…Your neighbor is every man, for on the basis of distinctions he is not your neighbor, nor on the basis of likeness to you as being different from other men. He is your neighbor on the basis of equality with you before God; but this equality absolutely every man has, and he has it absolutely.” (pp. 70, 72)
We need to remember that the teaching of Jesus that Kierkegaard is basing his views on, was not merely the text included above, but other teachings including the parable of the samaritan in Luke 10:25-37.
Another thing to bear in mind, related to the topic of the teaching of Jesus on love, is the fact that Paul also plainly based his teaching on the teaching of Jesus. In the text from Matthew, Jesus said that the command to love all, including our enemies, was to imitate the Father. The following text from Paul shows the same concerns that we follow the Father in not making distinctions in loving all people.
11 Here there is not Greek and Jew, circumcised and uncircumcised, barbarian, Scythian, slave, free; but Christ is all, and in all.
12 Put on then, as God’s chosen ones, holy and beloved, compassionate hearts, kindness, humility, meekness, and patience, 13 bearing with one another and, if one has a complaint against another, forgiving each other; as the Lord has forgiven you, so you also must forgive. 14 And above all these put on love, which binds everything together in perfect harmony. (Colossians 3:11-14)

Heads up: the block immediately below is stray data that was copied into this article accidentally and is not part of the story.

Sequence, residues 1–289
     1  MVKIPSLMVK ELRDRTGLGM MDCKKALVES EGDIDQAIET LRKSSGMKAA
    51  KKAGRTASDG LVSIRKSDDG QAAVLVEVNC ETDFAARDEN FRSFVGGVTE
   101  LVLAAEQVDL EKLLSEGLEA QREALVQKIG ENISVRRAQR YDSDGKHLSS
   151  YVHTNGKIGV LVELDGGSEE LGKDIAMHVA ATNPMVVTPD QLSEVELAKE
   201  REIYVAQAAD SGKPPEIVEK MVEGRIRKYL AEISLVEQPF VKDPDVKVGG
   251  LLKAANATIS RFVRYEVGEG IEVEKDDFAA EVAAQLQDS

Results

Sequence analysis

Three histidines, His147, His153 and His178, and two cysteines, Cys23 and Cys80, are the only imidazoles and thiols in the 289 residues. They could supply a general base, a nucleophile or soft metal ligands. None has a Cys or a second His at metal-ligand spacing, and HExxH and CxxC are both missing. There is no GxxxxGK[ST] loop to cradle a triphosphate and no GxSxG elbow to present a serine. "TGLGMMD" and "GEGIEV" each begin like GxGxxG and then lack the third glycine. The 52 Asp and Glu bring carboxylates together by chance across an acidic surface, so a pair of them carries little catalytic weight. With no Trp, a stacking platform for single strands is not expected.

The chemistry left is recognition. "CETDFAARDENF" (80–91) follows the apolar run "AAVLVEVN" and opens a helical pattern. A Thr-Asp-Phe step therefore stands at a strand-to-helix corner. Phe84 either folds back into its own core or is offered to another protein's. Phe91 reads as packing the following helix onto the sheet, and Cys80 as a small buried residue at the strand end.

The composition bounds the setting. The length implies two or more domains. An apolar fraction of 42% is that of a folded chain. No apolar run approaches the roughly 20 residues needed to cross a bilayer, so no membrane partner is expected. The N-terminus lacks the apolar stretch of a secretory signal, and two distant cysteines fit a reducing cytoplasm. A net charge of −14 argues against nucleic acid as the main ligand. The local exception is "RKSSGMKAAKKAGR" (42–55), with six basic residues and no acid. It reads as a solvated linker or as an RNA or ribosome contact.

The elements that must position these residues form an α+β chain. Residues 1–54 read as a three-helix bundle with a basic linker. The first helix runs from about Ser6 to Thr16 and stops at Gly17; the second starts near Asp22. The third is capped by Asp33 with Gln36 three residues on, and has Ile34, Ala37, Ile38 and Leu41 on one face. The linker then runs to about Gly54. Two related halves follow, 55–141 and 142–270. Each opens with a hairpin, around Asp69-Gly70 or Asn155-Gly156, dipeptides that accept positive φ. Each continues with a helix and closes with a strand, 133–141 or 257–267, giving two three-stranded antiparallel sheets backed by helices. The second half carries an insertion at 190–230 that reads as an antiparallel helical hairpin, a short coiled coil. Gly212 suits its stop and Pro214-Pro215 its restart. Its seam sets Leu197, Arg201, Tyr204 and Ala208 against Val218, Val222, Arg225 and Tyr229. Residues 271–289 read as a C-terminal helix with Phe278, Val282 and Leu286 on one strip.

I bring up this point of comparison of Paul to Jesus because there is a common myth circulating in the world that Paul invented a Christianity that was at odds with what Christ himself taught.
Another common myth that is related to the topic of Jesus teaching on love, is that Christianity is merely one of many religions that perpetuates the evils and warfares of humankind. But if we are honest, we should be able to see that what we generally categorize as “religious” evils and wars have more accurately been carried out for ethnic and nationalistic purposes than for “religious” purposes per se. I do not mean that there have not been instances of truly “religious” evils and wars, but I believe that generally the majority of ethnic/national aggressions have been politically motivated rather than religiously motivated. It is also the case that often the religious sentiments of peoples have been manipulated by their political leaders in the promulgation of such evils. A case in point is Nazi Germany, where Hitler often lamented the fact that he had such a weak religion, namely Christianity, to use for his political cause. Here is a link that deals further with this myth, and another from the Huffington Post.
In summary, it should be obvious that Jesus, Paul, and Kierkegaard, have all taught that it is common for all people to exercise preferential love, but that it is uncommon and yet commanded by God that we exercise equality in loving others. Is not this equality in loving what the world needs, having rather to this day perpetuated the “glittering vices” of paganism that are so easily seduced to tolerate or even collaborate in evils against others?
Original Content © Bryan M. Christman and Manifest Propensity, 2013. Excerpts, links, and reblogging may be used, provided that full and clear credit is given to Bryan M. Christman and Manifest Propensity with appropriate and specific direction to the original content.